Vancouver, WA(Zone 8a)

bivbiv, I have not touched this love seat. It is still waiting for help. You are right, this is welting.
the white fabric is faded in spots and stained in others so it must be replaced. It is very comfortable to sit on.
thank you for chiming in.

I had an upholsterer cover my old (1930-40's) sofa that was experienced and talented. He was very talented in anything furniture. He put new veneer on an old table (not mine).

Central FL, FL(Zone 9b)

Oh, I'm so glad you haven't changed this loveseat! I hope you'll reconsider about putting legs on it. Have you any idea of the kind of fabric you'll use on it, color, etc.?

A skilled upholsterer is worth his weight in gold. Years ago I had some work done by a fellow who had been in business for years in a nearby small town and had a good reputation. However, after I saw his workmanship on my furniture, I couldn't understand how he'd earned that reputation. Welt on a chair was very badly done, and I wasn't pleased with anything because his work, in general, really looked sloppy. He covered a chair, made and covered a bench seat cushion for a loveseat, as well as pillows for it. On the work order, I specified welt for the pillows; but he didn't add welt even though there was plenty of fabric. The worst thing was a fitted spread I had him make for a twin bed (all this was for the guest room). This is a built-in bed with drawers under it for extra storage. I said I wanted the spread made like a fitted sheet with elastic at the corners to it would be easy to put on the bed. No elastic! So it was really hard to make the bed. Worst of all, somehow he managed to tear a slit in the bedspread (it was a thin, faux silk), and he patched it with an iron-on patch on the back of it. Of course, this stuck out like a sore thumb! Had this been an accident done by my present upholsterer, he would have bought more fabric and made another bedspread. Not this guy! He had my MC number because I paid him a deposit even before he started. No upholsterer should ever ask for a deposit before the work is done. That should have made my antennae go up! When he put the balance on my card, I protested to MC that one piece was completely unacceptable, and the others should at least be discounted. I lost that one because they said he'd done the work so had to be paid. It didn't matter that he ruined the bedspread. I still have the same bed, but the room has been completely redecorated to coordinate with the different style I have in the rest of the downstairs.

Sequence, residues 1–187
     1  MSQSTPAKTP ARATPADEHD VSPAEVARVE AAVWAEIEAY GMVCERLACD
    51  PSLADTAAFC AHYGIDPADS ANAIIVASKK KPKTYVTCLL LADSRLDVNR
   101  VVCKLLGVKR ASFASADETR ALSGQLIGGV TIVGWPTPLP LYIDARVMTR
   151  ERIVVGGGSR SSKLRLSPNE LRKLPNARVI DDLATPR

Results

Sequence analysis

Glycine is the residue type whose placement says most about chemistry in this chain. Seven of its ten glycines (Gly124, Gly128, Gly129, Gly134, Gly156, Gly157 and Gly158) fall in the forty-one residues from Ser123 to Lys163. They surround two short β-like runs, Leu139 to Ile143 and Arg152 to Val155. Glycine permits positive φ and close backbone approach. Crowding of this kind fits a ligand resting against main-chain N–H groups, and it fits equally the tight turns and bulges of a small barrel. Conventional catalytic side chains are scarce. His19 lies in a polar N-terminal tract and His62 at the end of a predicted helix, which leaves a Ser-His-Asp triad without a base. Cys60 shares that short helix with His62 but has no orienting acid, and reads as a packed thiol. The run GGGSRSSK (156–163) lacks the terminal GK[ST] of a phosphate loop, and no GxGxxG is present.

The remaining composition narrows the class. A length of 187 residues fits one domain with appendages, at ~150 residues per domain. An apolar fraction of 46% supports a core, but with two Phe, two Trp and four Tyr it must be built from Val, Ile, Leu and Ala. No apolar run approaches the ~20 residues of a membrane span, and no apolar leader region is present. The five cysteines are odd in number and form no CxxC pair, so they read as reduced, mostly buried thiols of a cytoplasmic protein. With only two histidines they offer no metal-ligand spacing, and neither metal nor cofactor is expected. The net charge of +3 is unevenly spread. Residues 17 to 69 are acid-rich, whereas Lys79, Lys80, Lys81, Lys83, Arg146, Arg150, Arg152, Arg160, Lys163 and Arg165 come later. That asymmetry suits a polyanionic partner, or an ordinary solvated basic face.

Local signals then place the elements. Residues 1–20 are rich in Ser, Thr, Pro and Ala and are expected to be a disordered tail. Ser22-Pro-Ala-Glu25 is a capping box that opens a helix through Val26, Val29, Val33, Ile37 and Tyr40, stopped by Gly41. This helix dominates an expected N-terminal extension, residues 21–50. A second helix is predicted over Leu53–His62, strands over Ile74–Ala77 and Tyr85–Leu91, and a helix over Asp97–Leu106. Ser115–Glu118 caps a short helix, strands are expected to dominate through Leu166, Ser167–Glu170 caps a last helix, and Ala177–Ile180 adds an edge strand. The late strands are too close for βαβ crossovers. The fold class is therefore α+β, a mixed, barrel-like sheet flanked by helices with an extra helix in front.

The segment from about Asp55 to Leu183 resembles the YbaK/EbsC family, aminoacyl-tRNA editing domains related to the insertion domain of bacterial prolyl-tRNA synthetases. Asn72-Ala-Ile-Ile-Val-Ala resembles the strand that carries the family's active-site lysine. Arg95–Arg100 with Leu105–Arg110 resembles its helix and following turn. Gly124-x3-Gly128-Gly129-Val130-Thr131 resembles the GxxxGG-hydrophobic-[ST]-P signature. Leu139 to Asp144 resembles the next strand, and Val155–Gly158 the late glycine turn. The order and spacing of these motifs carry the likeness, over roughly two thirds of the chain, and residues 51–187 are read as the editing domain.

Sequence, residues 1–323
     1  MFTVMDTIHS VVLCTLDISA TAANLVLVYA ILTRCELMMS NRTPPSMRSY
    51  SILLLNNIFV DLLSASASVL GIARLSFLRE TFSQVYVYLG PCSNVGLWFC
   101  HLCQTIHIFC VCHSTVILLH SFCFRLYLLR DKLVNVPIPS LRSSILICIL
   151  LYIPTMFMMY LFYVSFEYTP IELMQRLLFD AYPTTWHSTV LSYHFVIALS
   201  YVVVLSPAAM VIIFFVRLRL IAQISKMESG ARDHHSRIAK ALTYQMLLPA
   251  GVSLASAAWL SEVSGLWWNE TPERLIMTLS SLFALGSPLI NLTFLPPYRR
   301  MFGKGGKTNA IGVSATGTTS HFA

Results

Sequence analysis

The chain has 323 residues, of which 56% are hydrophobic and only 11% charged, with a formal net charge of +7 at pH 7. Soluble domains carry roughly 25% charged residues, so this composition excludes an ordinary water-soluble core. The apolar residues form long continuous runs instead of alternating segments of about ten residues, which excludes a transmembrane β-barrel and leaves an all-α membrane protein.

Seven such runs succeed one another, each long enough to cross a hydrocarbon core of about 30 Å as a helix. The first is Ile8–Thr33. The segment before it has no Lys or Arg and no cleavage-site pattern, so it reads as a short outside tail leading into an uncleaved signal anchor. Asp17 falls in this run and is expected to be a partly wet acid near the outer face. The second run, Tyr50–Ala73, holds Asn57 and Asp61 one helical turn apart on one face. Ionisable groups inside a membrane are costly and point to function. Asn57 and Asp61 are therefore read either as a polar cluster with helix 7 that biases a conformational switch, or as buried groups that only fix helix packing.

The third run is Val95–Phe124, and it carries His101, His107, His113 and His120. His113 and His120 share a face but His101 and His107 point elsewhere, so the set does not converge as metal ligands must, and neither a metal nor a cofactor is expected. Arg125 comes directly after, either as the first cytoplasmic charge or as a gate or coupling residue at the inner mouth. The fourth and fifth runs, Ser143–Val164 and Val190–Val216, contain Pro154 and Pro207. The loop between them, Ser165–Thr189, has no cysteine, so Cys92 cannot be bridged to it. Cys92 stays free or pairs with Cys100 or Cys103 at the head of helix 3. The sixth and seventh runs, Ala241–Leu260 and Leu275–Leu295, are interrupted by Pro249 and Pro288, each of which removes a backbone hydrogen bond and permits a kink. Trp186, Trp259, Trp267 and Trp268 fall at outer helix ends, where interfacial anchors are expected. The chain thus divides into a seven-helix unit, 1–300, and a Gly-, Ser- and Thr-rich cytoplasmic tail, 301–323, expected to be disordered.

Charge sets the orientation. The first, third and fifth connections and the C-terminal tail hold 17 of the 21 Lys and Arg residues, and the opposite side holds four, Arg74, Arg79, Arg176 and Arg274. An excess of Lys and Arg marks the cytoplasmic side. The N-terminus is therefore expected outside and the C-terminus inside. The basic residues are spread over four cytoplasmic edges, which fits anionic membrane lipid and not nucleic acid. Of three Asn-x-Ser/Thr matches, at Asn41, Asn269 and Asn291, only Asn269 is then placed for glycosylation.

I hope the fellow who covered your old sofa is still around.

Vancouver, WA(Zone 8a)

bivbiv, are the fabric covered legs an Art Deco style?

Central FL, FL(Zone 9b)

The whole sofa, including legs, reminds me of Art Deco; and I think the welting adds to that look. I really don't think cutting the legs off and adding a different style would make the loveseat more attractive. Rather, I think it would be mixing apples and oranges and destroying its style.

Central FL, FL(Zone 9b)

Anastasia, I should add that many Art Deco sofas have wood legs, or even metal ones. It's just that I think this design looks good as is. If you cut the legs off and add another style, I kind of doubt the welting would look as distinctive as it does now; so if I were you, I'd get rid of that, too, if I changed the legs.